Turmeric is native to the sub-Himalayan mountain region and grown widely in many parts of the tropical and subtropical regions as an important commercial crop. The plant grows to a meter in height and features aromatic, miniature plantain-like leaves.
Turmeric root features dark brown skin on the exterior and deep orange-yellow flesh internally. Its leaves, as well as rhizome, feature a unique flavor and fragrance. Its taste is described as mildly peppery to warm and bitter while its fragrance is sweet and pleasant, slightly reminiscent of a mix of orange-zest and ginger to which it is related. Once harvested, the root is boiled, dried, and ground to prepare distinctive bright yellow spice powder.
Turmeric plants produce no seeds and only reproduce via their underground spreading rhizomes.
Turmeric roots as well as leaves have long been used in traditional Indian and Chinese medicines for their demonstrated anti-inflammatory (painkiller), anti-oxidant, and anti-cancer properties.
Preliminary Health Research
Turmeric is one of the most readily available and cheapest herbs that contain notable phyto-nutrients profile. At 1,59,277 µmol TE/100 g, its total-ORAC value or anti-oxidant strength is one of the highest among known herb and spice species.
Turmeric has been in use since antiquity for its anti-inflammatory (painkiller), carminative, anti-flatulent and anti-microbial properties.
The herb contains health benefiting essential oils such as termerone, curlone, curumene, cineole, and p-cymene.
Curcumin, a poly-phenolic compound in the root, is the principal pigment that imparts deep orange color to the turmeric. In vitro and in laboratory animal studies have suggested that the curcumin may have anti-tumor, antioxidant, anti-arthritic, anti-amyloid, anti-ischemic, and anti-inflammatory properties.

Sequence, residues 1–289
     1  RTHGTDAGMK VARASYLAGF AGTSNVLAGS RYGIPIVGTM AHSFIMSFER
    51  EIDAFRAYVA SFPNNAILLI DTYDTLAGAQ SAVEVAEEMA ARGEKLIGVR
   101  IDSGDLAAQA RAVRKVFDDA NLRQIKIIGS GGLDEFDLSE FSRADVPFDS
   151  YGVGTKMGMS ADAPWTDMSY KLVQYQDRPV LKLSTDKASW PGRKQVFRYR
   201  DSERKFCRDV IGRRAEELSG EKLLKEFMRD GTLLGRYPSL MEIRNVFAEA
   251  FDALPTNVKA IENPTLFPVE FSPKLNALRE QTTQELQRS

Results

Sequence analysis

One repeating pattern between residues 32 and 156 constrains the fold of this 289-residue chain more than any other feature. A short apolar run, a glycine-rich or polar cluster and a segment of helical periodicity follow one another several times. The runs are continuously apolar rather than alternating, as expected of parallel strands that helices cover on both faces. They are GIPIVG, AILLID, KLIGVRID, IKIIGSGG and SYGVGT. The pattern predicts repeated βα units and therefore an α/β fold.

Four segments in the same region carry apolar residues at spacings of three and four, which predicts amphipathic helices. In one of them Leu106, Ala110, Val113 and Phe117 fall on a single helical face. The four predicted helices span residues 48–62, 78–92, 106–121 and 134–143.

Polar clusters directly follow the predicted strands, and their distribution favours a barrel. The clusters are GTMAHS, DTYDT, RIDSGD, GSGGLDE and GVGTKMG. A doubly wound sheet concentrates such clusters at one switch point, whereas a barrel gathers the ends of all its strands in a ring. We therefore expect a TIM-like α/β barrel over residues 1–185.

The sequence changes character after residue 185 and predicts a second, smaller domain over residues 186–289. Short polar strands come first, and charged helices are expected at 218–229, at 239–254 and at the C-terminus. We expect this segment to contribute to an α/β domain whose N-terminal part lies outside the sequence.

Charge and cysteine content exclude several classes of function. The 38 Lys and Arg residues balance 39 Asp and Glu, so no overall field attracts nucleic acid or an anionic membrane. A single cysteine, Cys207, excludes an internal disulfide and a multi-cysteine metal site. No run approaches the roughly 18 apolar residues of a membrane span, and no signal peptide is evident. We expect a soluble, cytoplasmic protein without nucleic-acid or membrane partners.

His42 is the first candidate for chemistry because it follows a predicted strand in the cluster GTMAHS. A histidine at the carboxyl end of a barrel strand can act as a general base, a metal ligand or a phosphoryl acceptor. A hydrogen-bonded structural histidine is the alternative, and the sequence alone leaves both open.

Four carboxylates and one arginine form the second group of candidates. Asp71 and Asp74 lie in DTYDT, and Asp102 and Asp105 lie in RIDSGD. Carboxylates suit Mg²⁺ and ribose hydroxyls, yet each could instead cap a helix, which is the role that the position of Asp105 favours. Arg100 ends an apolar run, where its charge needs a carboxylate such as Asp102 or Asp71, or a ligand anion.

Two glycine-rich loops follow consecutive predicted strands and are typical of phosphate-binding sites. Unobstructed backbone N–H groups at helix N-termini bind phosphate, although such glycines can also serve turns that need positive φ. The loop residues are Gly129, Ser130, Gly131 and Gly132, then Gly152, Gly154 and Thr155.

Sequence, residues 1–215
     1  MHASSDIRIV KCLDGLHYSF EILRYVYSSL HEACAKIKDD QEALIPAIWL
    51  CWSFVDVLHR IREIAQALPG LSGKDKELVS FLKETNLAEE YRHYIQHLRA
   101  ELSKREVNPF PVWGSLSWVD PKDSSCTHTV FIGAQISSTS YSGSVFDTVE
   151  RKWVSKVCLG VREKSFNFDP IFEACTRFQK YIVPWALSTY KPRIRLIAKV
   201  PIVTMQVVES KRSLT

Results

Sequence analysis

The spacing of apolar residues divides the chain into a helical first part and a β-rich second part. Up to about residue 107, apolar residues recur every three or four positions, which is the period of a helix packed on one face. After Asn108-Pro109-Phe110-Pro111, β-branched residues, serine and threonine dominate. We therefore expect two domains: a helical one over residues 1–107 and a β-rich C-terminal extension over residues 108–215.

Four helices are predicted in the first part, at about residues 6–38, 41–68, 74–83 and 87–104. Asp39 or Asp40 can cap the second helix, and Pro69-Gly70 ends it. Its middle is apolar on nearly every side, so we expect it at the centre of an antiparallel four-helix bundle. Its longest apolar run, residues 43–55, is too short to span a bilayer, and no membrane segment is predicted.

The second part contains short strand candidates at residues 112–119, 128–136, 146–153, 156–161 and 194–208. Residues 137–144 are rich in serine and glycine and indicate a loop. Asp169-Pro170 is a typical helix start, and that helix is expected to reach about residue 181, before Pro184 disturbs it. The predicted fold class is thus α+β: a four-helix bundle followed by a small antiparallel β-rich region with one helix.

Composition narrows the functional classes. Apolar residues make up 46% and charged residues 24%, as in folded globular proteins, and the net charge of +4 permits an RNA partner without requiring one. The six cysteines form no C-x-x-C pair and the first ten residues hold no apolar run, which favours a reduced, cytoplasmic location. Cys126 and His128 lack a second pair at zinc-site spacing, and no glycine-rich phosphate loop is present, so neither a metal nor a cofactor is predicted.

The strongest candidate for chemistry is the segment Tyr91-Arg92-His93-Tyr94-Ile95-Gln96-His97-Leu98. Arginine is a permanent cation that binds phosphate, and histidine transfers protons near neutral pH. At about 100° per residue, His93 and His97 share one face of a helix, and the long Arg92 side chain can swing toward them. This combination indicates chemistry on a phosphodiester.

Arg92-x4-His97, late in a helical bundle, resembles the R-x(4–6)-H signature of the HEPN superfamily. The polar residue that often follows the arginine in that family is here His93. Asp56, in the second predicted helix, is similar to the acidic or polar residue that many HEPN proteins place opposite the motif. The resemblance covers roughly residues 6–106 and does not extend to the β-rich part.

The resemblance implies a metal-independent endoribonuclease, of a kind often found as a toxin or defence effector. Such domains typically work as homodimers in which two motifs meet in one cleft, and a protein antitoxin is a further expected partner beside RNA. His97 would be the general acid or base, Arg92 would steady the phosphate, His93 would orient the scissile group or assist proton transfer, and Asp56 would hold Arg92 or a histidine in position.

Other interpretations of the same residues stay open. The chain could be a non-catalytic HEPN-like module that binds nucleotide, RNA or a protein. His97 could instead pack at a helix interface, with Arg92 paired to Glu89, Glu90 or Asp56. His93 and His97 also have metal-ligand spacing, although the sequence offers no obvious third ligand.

This popular herb contains no cholesterol; however, it is rich in anti-oxidants and dietary fiber, which helps to control blood LDL or "bad cholesterol" levels.
It is a very rich source of many essential vitamins such as pyridoxine (vitamin B6), choline, niacin, and riboflavin, etc. 100 g of the herb provides 1.80 mg or 138% of daily-recommended levels of pyridoxine. Pyridoxine is employed in the treatment of homocystinuria, sideroblastic anemia and radiation sickness. Niacin helps prevent "pellagra" or dermatitis.
Fresh root contains very good levels of Vitamin-C. 100 g of the root is composed of 23.9 mg of this vitamin. Vitamin C is a water-soluble vitamin and a powerful natural anti-oxidant, which helps the body develop immunity against infectious agents and remove harmful free oxygen radicals.
Turmeric contains very good amounts of minerals like calcium, iron, potassium, manganese, copper, zinc, and magnesium. Potassium is an important component of cell and body fluids that helps in controlling heart rate and blood pressure. Manganese is utilized by the human body as a co-factor for the antioxidant enzyme, superoxide dismutase. Iron is an important co-factor for cytochrome oxidase enzymes at cellular level metabolisms and required for red blood cell (RBC's) productions.
Just a few grams of turmeric per day either in the form of powder, crushed root, or fresh root can provide enough nutrients to help you prevent anemia, neuritis, memory disorders and offer protection against cancers, infectious diseases, high blood pressure, and strokes.
Turmeric powder has been in use as a food colorant, natural food preservative, and flavor base since ancient times. It is traditionally recognized as "Indian saffron" since its deep yellow-orange color is quite similar to that of the prized saffron.
In order to keep the fragrance and flavor intact, it is generally added at the last moment in the cooking recipes since prolonged cooking would result in evaporation of its essential oils.
It is essential to be watchful while handling turmeric since its pigments can easily stain clothes and kitchen walls. To avoid a lasting stain, immediately wash any area with soap and water.